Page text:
Monday, December 5, 2016

Foreign Film Spotlight: SKIPTRACE

Welcome to another installment of FOREIGN FILM SPOTLIGHT, where we showcase some of the best (and occasionally the worst) in foreign cinema to broaden your horizons. This week, we're turning our eye to the 2016 Chinese box office hit SKIPTRACE, starring recent Oscar Honorary Award-recipient Jackie Chan and directed by Die Hard 2 director, Renny Harlin.

This week, I have watched a lot of wonderful movies, some of which were not made in the United States. I experienced Sing Street, which took over the Top 10 in my 2016 Rankings. Then, as I was researching for our lovely readers, I ran across one of the highest-grossing films in China. I couldn't resist the urge to watch it and review it.

I wish I had fought that urge harder.

Skiptrace, in a year with Gods of Egypt and Zoolander 2, is without a doubt one of the worst movies of 2016. I understand that its genre is full of cheesiness and over-the-top action. I get that Skiptrace does not set out to be an Oscar-contender. However, I do expect even cheesy action movies to make a fair amount of logical sense and be moderately creative. I expect acting to be at least passable.

But today in Where Were All the F***ing Guns, I give you another entry in the Jackie Chan Punching S**t anthology.

First, let's talk plot. Skiptrace follows, so far as I could tell, a detective named Bennie. His partner died in the line of duty and Bennie is single-mindedly seeking vengeance against the killer. This killer, known as The Matador, has eluded Chan's character for nine years. I say "so far as I can tell" because this movie takes "show don't tell" to the extreme, completely throwing you into the middle of the action without any real exposition until thirty minutes into the runtime. This sounds like a cool story technique, but in a movie where you get a gratuitous Wilhelm scream five minutes in and Jackie Chan running through bamboo huts collapsing like dominos within the first ten, it would really help me feel invested even a tiny bit in the utter ridiculousness of Skiptrace if I knew what the hell was going on.

This is also a movie where a character is taken out of commission by being crushed under massive bags of soda cans. I couldn't think of a good moment to mention that, so I'm just throwing it in here because it is so mind-numbingly idiotic that it deserves to be mentioned.

In terms of acting, need I say more than Johnny Knoxville plays a lead? I was genuinely curious to see him flex his acting muscles and surprise me with even a passable delivery. No such luck. I won't blame the horrendous script (although "You've gotta get out there. Take a pilates class. Have some fun" is a real line that is really genuinely supposed to be emotionally-compelling that Knoxville was somehow forced to deliver straight-faced). Instead, I'll blame whoever thought the Jackass guy would be a good candidate to play off Jackie Chan, who is as wooden and unemotional as ever. Chan is an Oscar-winner now. He needs to retire before he tarnishes that gold statue too much more.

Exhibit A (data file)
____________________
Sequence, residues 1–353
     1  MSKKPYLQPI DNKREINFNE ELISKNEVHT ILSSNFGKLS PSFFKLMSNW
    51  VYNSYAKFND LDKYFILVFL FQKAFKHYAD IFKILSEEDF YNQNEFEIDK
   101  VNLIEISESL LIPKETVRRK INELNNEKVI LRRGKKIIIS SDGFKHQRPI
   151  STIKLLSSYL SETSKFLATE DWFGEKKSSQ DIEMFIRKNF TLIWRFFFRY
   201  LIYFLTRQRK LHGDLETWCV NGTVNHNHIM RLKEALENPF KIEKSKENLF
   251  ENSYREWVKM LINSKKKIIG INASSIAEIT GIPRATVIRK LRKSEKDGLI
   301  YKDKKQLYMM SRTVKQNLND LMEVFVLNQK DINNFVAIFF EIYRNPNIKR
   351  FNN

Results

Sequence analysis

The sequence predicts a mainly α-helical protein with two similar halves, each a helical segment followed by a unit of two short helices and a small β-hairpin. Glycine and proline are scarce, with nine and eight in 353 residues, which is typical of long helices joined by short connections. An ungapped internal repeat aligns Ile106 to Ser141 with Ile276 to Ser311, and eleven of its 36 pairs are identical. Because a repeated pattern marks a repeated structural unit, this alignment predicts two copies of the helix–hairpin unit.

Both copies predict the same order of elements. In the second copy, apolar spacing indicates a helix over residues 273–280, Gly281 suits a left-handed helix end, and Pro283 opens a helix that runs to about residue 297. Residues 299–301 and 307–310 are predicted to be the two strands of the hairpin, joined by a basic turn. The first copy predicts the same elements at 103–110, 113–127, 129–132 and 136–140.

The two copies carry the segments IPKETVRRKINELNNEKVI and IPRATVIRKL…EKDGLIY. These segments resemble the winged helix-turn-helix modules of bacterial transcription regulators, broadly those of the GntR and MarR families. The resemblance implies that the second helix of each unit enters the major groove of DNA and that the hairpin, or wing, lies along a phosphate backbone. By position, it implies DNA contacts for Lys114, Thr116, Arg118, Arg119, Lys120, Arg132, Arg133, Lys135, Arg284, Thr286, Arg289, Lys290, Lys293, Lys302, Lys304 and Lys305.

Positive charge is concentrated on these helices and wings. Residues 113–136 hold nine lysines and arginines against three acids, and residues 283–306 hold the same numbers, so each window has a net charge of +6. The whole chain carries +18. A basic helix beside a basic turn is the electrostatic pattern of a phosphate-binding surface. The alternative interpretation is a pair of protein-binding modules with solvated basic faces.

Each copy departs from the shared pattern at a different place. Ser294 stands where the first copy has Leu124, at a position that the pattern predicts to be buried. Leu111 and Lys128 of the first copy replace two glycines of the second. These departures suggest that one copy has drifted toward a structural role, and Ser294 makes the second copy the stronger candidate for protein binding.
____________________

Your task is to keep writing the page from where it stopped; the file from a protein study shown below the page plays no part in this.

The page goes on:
There is one scene that must be mentioned simply to demonstrate the depth of the ludicrousness in Skiptrace. Halfway through, Jackie Chan and Johnny Knoxville are kidnapped by a Mongolian village. They proceed to get very drunk and, for no apparent reason, begin to sing and dance a choreographed routine to Adele's hit single from over six years ago, "Rolling in the Deep," almost in its entirety. This scene is not mentioned again. Adele never came up earlier. It's simply there.

Everything in this ridiculous piece of cinematic horse manure is just simply there.

I suppose if I had been extremely drunk I could have found humor in how bad Skiptrace really is. However, I finished it and instantly began reevaluating the state of my life where two hours of my existence had gone down the tubes for the sake of such a ridiculously awful movie.

Cinematographer Chan Kwok-hung died by drowning during the course of filming this horrendous film. This film didn't just kill my evening. It killed a critically-acclaimed cinematographer.

This isn't Nine Lives. Don't watch it for the sake of experiencing a so-bad-its-good movie. This is just offensively bad. Skiptrace only saves itself from being the worst movie of the year because Zoolander 2 is so obnoxiously horrid and because the presumably mentally-ill casting director seemingly spent all of his time finding beautiful female co-leads when he should have been finding a better lead than Johnny freaking Knoxville.

Thanks for ruining Adele for me, Jackie.

Jonathan's Score: 1.5/10

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